December 16, 2021 Reading Time: 2 minutes

Initial claims for regular state unemployment insurance rose slightly in the latest week, rising to 206,000 for the week ending December 11, an increase of 18,000 from the previous week’s revised tally of 188,000 (see first chart). The latest result remains below the average of January and February 2020, before the government shutdowns.

The current four-week average fell for a tenth consecutive week, coming in at 203,750, a drop of 16,000 and the lowest level since before the pandemic. The results suggest the labor market remains extremely tight.

The number of ongoing claims for state unemployment programs totaled 1.960 million for the week ending November 27, a rise of 403,147 from the prior week (see second chart). State continuing claims have risen in three of the past five weeks.

Continuing claims in all federal programs totaled just 498,040 for the week ending November 27, an increase of 107,674 (see second chart). The gain was concentrated in the Pandemic Unemployment Assistance program and the Pandemic Emergency UC program, which accounted for 93,338 of the 107,674.

The latest results for the combined Federal and state programs put the total number of people claiming benefits in all unemployment programs, including all emergency programs, at 2.458 million for the week ended November 27, a rise of 510,808 from the prior week and also the third increase in the last five weeks (see second chart).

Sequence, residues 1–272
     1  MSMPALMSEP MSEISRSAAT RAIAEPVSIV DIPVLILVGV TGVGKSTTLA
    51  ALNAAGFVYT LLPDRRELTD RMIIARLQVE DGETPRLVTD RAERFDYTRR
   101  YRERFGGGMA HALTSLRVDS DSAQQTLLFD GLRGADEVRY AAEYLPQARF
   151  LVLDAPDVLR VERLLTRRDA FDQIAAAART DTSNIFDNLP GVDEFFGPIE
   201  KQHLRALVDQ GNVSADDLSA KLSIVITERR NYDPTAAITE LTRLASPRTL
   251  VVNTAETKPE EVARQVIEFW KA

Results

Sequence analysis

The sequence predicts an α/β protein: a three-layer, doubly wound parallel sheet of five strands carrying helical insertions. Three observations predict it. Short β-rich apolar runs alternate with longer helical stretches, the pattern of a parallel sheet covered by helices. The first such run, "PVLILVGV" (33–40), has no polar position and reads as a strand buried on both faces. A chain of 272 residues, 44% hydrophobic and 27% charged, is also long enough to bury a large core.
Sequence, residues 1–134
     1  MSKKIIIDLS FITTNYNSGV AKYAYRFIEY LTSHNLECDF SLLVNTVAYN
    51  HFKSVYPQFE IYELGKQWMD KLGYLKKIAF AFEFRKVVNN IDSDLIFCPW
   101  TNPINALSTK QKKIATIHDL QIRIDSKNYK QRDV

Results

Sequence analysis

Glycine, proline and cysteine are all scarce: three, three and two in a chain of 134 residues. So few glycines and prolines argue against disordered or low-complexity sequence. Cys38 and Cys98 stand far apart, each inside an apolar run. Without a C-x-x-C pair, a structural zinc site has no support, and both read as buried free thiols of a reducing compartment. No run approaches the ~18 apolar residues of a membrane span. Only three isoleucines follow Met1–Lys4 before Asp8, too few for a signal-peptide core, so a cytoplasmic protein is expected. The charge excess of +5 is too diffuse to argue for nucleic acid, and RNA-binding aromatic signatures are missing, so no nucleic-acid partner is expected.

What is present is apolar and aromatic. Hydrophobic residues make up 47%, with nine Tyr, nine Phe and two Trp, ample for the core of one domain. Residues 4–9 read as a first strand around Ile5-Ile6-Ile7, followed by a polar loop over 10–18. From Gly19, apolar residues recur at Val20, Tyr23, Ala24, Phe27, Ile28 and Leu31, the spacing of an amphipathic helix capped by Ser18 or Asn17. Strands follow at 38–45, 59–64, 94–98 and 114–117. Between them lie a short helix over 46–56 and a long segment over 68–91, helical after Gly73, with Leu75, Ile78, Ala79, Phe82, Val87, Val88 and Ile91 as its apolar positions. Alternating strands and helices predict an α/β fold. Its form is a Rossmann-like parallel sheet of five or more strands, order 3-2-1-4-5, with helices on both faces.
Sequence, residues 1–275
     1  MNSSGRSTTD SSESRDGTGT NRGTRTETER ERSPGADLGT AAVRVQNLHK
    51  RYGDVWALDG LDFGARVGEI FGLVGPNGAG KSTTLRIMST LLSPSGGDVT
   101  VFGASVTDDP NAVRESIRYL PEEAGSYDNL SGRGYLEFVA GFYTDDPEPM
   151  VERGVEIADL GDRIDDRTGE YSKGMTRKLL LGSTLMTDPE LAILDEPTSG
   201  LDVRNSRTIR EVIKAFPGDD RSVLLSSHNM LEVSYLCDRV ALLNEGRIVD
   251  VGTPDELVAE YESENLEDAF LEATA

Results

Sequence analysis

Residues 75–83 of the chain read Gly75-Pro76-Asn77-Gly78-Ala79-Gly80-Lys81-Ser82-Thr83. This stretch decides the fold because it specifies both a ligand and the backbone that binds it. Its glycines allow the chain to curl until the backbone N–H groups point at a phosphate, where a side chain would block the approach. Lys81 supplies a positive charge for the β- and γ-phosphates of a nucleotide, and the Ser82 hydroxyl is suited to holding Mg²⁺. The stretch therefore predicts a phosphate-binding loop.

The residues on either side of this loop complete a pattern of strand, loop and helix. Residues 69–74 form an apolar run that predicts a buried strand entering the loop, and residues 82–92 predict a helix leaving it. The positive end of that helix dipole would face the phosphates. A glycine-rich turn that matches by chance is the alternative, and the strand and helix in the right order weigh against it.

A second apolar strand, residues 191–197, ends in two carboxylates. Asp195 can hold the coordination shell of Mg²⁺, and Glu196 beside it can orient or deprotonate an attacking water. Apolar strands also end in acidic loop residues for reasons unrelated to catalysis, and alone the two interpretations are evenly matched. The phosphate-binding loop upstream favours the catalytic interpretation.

Initial claims rose in the latest week but remain extremely low by historical comparison. The low level of claims and high number of open jobs suggest the labor market remains very tight. Continuing labor shortages, along with materials shortages and logistical issues, are likely to continue to hamper production across the economy, sustaining upward pressure on prices. Eventually, supply will rise to meet demand but in the interim, price pressures are likely to remain elevated.

Robert Hughes

Bob Hughes

Robert Hughes joined AIER in 2013 following more than 25 years in economic and financial markets research on Wall Street. Bob was formerly the head of Global Equity Strategy for Brown Brothers Harriman, where he developed equity investment strategy combining top-down macro analysis with bottom-up fundamentals. Prior to BBH, Bob was a Senior Equity Strategist for State Street Global Markets, Senior Economic Strategist with Prudential Equity Group and Senior Economist and Financial Markets Analyst for Citicorp Investment Services. Bob has a MA in economics from Fordham University and a BS in business from Lehigh University.

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